Moderator: Thank you very much, Admiral. Next we’ll go to Meaghan Tobin from the South China Morning Post in Hong Kong.
Question: Hi, thanks very much Admiral. Recently, the Acting Secretary of Defense has made some comments about increasing the agility of U.S. military and law enforcement forces in the Pacific. And some have interpreted that to mean increased military bases. But I’m curious how you see the Coast Guard fitting into new ways of military, law enforcement activities, particularly around the U.S. Pacific territories.
Admiral Schultz: Sure. I think in the latter part of your question about the U.S. Pacific territories, I think our intention here would be to offer ourselves as a partner of choice to the Pacific Island nations. We have the capability to help them protect their sovereign interests. You look at the GDP, the gross domestic product of many of these island nations, they’re derived from the sea. When you look at foreign encroachment on their fishing, that is a concern. When you look at economic investment. We don’t have to look too far around the world to see places where economic investment has turned into ownership of ports and things like that.
So I believe the Coast Guard will continue to contribute to some degree to the conversations we’ve had in large part about the South China Sea, East China Sea, but I think really a sweet spot for us would be operating at a partner nation level. We intend to send a buoy tender. It’s a 225-foot ship with a patrol boat down to American Samoa in the coming weeks here for an extended patrol. It’s a little bit of a proof of concept. I anticipate that mother ship type operation with some patrol boats, maybe trying to lash up with Australian partners and New Zealand partners in the region, Japanese partners, really is that international face that offers an alternative to other actors in the region.
Moderator: Thank you, Admiral. We’re just about running out of time. We’ll try to sneak in one or two more. I’ll try one more time for Duy Linh Hang from Tuoi Tre Newspaper [in Vietnam]. Are you there?
Question: Yes, I’m speaking.
Moderator: Please go ahead.
Question: Thank you. Good morning, Admiral. There are some skeptical opinions that the U.S. may not have an effective strategy to deal with China’s region strategy. What do you think about it? And also, recent China aggressive activity, especially in South China Sea. How will the U.S. respond to this? With a [inaudible] hearing or whatever? Thank you.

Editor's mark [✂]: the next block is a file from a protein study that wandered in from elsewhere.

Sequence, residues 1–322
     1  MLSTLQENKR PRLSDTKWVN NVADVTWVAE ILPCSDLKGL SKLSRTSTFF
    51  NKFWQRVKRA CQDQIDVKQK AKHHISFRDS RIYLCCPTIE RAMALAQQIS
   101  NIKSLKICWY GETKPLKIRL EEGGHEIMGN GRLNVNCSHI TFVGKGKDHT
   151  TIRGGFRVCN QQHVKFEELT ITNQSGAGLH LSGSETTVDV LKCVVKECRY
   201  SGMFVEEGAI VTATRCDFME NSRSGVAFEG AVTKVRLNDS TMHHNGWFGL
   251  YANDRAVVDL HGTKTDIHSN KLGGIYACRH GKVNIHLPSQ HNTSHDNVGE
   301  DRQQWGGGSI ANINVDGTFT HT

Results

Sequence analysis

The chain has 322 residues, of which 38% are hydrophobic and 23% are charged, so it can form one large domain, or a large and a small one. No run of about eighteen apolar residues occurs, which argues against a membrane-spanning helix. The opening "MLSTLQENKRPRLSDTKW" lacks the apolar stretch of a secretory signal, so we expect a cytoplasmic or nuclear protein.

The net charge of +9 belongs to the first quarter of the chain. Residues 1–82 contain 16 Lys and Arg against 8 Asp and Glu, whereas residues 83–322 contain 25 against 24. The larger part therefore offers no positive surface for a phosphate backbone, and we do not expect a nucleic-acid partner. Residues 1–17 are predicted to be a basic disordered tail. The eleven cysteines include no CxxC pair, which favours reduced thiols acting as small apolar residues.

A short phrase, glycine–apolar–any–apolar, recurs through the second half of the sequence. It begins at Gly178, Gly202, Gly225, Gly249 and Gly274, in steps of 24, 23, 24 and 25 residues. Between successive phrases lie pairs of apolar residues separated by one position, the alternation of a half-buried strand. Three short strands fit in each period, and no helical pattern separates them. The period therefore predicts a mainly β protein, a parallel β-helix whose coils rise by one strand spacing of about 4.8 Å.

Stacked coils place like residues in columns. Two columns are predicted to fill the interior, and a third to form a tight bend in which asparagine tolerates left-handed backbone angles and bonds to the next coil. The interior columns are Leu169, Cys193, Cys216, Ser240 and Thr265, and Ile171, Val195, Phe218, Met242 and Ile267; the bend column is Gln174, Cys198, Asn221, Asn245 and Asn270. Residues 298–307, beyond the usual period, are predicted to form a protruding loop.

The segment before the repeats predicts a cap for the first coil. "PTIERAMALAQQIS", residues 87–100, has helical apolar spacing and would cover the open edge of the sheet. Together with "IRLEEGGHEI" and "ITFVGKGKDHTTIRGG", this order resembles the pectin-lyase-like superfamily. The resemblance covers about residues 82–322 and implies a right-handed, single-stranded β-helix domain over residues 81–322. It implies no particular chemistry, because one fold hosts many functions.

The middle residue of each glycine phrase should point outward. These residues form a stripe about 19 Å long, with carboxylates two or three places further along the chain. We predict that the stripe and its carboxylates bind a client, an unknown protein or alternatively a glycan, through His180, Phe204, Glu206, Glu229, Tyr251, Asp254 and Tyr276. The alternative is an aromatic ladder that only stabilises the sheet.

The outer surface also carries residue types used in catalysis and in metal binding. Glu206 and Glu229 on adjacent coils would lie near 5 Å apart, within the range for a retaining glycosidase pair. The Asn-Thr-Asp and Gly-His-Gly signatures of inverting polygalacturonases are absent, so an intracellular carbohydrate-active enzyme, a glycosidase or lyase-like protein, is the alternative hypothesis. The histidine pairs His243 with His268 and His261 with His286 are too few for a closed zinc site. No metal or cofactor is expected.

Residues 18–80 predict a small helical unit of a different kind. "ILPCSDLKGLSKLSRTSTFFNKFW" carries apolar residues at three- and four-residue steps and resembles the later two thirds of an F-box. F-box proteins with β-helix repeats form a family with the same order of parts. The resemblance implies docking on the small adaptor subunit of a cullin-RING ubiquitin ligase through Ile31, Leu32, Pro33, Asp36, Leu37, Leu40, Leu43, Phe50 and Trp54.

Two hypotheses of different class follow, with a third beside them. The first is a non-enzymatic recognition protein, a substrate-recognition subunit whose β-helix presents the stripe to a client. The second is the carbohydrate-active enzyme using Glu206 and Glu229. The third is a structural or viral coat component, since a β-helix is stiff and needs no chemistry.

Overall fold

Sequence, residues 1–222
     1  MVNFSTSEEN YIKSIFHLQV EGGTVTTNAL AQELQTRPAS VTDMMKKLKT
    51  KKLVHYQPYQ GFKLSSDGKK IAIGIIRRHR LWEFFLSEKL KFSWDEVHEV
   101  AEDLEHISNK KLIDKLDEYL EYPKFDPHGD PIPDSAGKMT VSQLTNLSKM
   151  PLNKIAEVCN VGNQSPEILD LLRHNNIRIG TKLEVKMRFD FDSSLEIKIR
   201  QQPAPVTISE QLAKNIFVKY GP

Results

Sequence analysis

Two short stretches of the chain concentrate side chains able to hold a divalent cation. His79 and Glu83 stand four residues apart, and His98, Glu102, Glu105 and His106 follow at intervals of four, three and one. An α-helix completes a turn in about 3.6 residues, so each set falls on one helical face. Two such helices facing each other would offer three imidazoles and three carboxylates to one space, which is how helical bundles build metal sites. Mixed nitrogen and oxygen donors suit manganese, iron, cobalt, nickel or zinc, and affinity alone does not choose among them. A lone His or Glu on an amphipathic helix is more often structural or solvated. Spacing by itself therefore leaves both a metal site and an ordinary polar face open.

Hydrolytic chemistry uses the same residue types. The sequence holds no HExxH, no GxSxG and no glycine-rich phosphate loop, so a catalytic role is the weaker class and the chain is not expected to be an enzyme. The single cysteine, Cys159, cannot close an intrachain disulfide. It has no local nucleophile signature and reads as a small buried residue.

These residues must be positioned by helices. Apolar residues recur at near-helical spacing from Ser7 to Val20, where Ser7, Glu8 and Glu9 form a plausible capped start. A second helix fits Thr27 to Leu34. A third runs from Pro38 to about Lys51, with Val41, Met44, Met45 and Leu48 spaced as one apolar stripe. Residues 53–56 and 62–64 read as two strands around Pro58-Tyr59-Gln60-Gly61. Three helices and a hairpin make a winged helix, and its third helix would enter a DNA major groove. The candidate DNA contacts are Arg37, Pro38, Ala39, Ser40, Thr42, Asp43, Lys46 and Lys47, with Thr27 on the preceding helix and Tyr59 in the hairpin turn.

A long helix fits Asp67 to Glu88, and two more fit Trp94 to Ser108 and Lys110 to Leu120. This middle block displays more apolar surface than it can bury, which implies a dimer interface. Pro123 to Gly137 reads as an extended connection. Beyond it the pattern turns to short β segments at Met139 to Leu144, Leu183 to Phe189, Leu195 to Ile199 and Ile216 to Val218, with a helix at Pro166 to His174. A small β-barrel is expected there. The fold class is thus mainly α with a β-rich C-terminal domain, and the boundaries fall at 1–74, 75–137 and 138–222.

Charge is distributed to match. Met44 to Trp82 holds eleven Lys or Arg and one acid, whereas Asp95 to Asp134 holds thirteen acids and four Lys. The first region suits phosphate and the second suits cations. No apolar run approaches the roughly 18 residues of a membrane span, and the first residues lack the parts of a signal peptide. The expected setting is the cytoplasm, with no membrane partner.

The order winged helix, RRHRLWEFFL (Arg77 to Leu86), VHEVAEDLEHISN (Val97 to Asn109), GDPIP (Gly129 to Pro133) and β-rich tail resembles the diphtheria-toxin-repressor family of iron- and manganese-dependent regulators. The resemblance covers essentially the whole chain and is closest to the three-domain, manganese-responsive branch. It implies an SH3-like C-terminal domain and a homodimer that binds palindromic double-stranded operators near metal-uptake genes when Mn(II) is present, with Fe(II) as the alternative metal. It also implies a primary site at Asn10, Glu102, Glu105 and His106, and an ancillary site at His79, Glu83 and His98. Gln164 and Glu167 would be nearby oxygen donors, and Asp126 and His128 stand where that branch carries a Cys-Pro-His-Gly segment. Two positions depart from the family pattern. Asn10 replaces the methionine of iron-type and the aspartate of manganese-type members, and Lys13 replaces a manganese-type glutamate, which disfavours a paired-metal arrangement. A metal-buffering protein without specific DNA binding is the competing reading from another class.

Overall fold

Admiral Schultz: Zia, can you help me maybe with that question? It was a little bit broken and —
Moderator: Indeed. He was asking for U.S. strategy to counter China in the South China Sea, and that there is skepticism about the U.S. strategy. And just recent aggressive actions by the Chinese and how the U.S. —
Question: The region strategy of China.
Admiral Schultz: I would say in terms of the strategic approach there, I think obviously we’re in a national strategy, security strategy here in the nation, a national defense strategy that’s focused on competing global powers. As the Coast Guard Commandant Service Chief, as I look across the globe, the maritime globe, the commons. The Coast Guard, the U.S. Navy, we are absolutely in support of free and open sea lines of communication in international waters. We’re open to resolving disputed territorial claims in the appropriate international court venues.
So, the strategy I think is to show that as a nation, the United States government — in a region of the world that’s critically important to the free movement of commerce. When you look at the volume of economic activity that fuels prosperity in the region, that happens in the Indo-Pacific, the South China Sea, East China Sea region, that’s critically important to U.S. interests and to international interests.
Again, the Coast Guard contribution, as I said, we have a certain recognized global demand, or global brand that I think us participating in the region from partnership capacity building, to the higher-end, us steaming with our Navy colleagues, is all important to signal to regional actors that we are serious, we are committed to that free and open, rule-based values and behaviors in the Indo-Pacific.
Moderator: Thank you, Admiral. If we can, we’ll just do one last question which is, we’ll go to Chiara Zambrano from ABS-CBN Broadcasting.
Question: Hi, Admiral. I’d just like to go back a bit in relation to my previous question, and I think it’s also related to the one that you just answered. Because essentially China Coast Guard presence has been a presence of domination, a game of numbers and physical assertion of its presence. How do you see the work, the strategy that you mentioned of you being a model — using far less vessels in the area — a model of good behavior seeing that China hasn’t even been following international court decisions? And how do you see your strategy being more effective, as opposed to perhaps going toe-to-toe and playing by the numbers game in the South China Sea?
Admiral Schultz: I think what we would champion is transparent engagement. I think when you – the Chinese Coast Guard is grossly manifested, increased its number of ships. There’s the PLA Navy, Central government Navy. There’s the Chinese Coast Guard — used to be under civilian authority, it is now through the People’s Military Police, a direct report to the CCP government. You look at the Maritime Militia. I think we are seeing behaviors out of the Chinese Coast Guard, out of the Maritime Militia, that are not consistent with the rule-based order.
I think the Coast Guard voice, the U.S. Navy voice, allied partners, regional partners, neighbors, I think there needs to be an international push-back to say you know, we reject the types of behaviors, the antagonistic, aggressive behaviors that are not consistent with the rule-based order.
Moderator: Thank you very much, Admiral. With that, we will conclude today’s call. I apologize if we were not able to get to your question. We tried to get to as many as we could.
I want to thank U.S. Coast Guard Commandant Admiral Karl Schultz, and I also want to thank all of our callers for participating.